Sunday, 22 April 2012

police hunt for Michael Brown's missing millions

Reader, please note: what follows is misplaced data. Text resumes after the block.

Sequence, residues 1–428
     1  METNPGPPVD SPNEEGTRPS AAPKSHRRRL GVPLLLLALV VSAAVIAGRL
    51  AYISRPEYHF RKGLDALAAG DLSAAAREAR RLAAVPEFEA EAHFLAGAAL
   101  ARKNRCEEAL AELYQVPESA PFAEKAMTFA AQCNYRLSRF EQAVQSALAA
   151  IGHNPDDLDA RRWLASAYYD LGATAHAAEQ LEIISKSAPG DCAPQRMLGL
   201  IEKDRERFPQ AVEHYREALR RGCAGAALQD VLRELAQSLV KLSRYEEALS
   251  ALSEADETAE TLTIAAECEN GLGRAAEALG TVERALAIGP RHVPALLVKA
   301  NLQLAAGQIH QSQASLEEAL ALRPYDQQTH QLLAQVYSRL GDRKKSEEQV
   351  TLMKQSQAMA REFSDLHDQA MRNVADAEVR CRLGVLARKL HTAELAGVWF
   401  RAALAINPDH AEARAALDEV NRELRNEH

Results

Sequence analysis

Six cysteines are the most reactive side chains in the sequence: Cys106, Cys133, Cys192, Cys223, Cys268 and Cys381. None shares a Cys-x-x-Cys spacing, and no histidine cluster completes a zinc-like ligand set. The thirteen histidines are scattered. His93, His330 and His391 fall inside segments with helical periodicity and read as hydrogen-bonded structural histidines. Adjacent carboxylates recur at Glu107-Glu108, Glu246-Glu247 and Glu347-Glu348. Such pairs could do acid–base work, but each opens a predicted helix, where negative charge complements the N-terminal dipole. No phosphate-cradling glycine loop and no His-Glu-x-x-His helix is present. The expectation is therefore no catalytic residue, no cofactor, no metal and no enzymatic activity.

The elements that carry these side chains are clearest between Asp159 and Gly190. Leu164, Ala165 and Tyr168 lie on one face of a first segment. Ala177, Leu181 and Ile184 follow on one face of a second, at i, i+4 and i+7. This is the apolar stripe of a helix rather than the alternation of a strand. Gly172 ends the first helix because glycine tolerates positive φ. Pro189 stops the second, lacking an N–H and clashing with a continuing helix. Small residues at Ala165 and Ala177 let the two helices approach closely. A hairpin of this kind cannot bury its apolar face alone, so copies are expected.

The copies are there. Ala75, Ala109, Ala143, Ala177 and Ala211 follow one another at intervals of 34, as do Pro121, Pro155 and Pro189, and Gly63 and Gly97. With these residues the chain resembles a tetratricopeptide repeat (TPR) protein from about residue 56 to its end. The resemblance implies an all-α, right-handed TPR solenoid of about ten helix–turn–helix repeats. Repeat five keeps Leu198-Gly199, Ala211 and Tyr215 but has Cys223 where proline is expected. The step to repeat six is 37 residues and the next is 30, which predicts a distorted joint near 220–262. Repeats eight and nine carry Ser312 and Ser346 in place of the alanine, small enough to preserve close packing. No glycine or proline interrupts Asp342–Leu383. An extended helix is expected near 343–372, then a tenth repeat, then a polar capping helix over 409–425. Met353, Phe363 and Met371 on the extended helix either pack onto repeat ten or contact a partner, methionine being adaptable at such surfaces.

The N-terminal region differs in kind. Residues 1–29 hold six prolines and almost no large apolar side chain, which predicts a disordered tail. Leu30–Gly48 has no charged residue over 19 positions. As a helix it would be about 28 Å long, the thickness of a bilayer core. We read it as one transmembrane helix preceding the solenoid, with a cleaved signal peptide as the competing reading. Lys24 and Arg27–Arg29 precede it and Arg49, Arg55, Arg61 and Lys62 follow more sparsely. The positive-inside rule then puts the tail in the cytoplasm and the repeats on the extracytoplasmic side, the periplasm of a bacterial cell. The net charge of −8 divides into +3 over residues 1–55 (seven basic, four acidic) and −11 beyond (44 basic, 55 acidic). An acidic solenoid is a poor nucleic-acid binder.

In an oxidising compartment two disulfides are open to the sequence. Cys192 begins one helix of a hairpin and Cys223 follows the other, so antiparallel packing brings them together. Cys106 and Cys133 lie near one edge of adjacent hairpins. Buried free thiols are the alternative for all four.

British police are still trying to trace £18m allegedly stolen by the Liberal Democrats' fugitive donor Michael Brown, who is expected to be extradited to Britain within the next 10 days. Brown, 46, was in a holding cell near Madrid airport on Sunday, having been deported from the Dominican Republic, where he had been on the run from UK authorities for three years. Brown, who gave £2.4m to the Liberal Democrats before the 2005 general election, is not expected to challenge a formal move to extradite him to London which has already been set in motion. He was convicted of theft and false accounting in his absence in Britain in 2008 and sentenced to seven years in jail. Detectives are still trying to trace around £18m of Brown's stolen money, which had been moved between his accounts in the US, Britain and Switzerland, the Guardian understands. Brown was estimated to have stolen more than £60m in a number of frauds. Most of his assets have been accounted for in property deals, a Bentley, a yacht and the private jet once used to fly senior Lib Dems across the UK. However, more than £18m has not yet been accounted for. "The file at Interpol on Brown and his associates remains open," a source told the Guardian. Brown's return will be another embarrassing development in the long-running saga over the Lib Dems' biggest single donation. The party has refused to compensate any of Brown's victims, claiming it received the money in good faith and spent it on the 2005 election campaign. Lib Dem leader Nick Clegg welcomed Brown's return to Britain but said on Sunday that the party would not be returning his donation because the Electoral Commission had concluded the money had been received in good faith. The deputy prime minister, who pointed out that the donation was made before he was elected to Westminster, told BBC1's Sunday Politics: "I'm very pleased he's coming back to serve his sentence. This is a convicted fraudster. "I should stress that this is something which happened as far as the Liberal Democrats are concerned before I was even an MP, yet alone leader of the Liberal Democrats. What I've been told is that the Electoral Commission in 2009 looked at this exhaustively – as far as the receipt of that money by the Liberal Democrats from one of his companies. They categorically concluded that the money was received in good faith and all the controls, all the checks that should have been made were reasonably made by the Liberal Democrats at the time. If we'd been shown wanting on those accounts then of course we should pay the money back." But Brown's return will increase focus on the Electoral Commission inquiry into Brown's donations. The inquiry failed to call the Lib Dems' former treasurer, Reg Clark, who resigned over Brown in 2005 and warned advisers to the former Lib Dem leader Charles Kennedy that Brown should be treated with extreme caution. One of Brown's victims said the Lib Dems should return the money. Tony Brown, managing partner at law firm Bivonas which represents US attorney Robert Mann who lost more than $5m (£3m), said Brown may be asked to give evidence as part of his client's claim against the Lib Dems. "The Lib Dems have refused to repay this money to our client even though they know that this is the proceeds of crime. The Electoral Commission has failed to investigate this properly in our view. So now that Brown is returning to the jurisdiction, we can investigate again and establish the basis on which the Lib Dems received this money." Brown is expected to appear before a Spanish court to confirm his name and will then appear before an extradition hearing within 10 days. City of London police, who first uncovered Brown's fraud, confirmed his deportation. Detective Superintendent Bob Wishart said: "We hope that him facing justice will bring some closure to the victims who suffered as a result of his frauds." A close friend of Brown's told the Guardian on Sunday that he had arrived in Spain on Saturday after "volunteering" for deportation from the Dominican Republic, where he has been hiding for three years under the name of Darren Nally. "He asked to return to Britain. He is going home to face the music," the friend said. Brown appeared to come from nowhere when the party was paid £2.4m in the runup to the 2005 election from his company 5th Avenue Partners. A fast-talking and brash Glaswegian, he had walked into the party's then headquarters in Cowley Street and offered it money. He was not registered to vote, had no interest in politics and had never been a party member, but said he was giving the money to create an even playing field. Brown wined and dined with Charles Kennedy and other party grandees, and used his private jet to fly Kennedy across the country during the election campaign. Former Lib Dem insiders say he dazzled them with stories of Gordonstoun public school, St Andrews University and his connections with royalty and the US government. The truth was that he had attended his local school and completed a City and Guilds in catering at Glasgow College of Food Technology. He had no US government links – although he was wanted in Florida for cheque fraud. He was arrested in late 2005 after four former clients said he had duped them out of more than £40m in a high-yield fraud. His victims included Martin Edwards, the former Manchester United chairman, who had invested £8m with 5th Avenue Partners. The court would later be told that 5th Avenue Partners was wholly fraudulent and Brown had given money to the Lib Dems to give himself an air of respectability while duping his victims. The party had been used as part of his cover story, a judge said. In June 2008, while awaiting trial, Brown fled and a warrant was issued for his arrest. In the weeks before he disappeared, from his Hampstead bail address in north London, he changed his name on the electoral roll to Campbell-Brown and allowed his hair to turn grey. He travelled to the Dominican Republic where he enjoyed a millionaire's lifestyle while on the run. He lived in gated communities yards from some of the most pristine beaches in the Caribbean, drove a series of 4x4 vehicles and was a regular at exclusive golf courses. In Punta Cana, an exclusive resort on the eastern tip of the island, he could often be seen walking his dog – named Charles, after the former Lib Dem leader. He was arrested in Punta Cana in January on unrelated fraud allegations.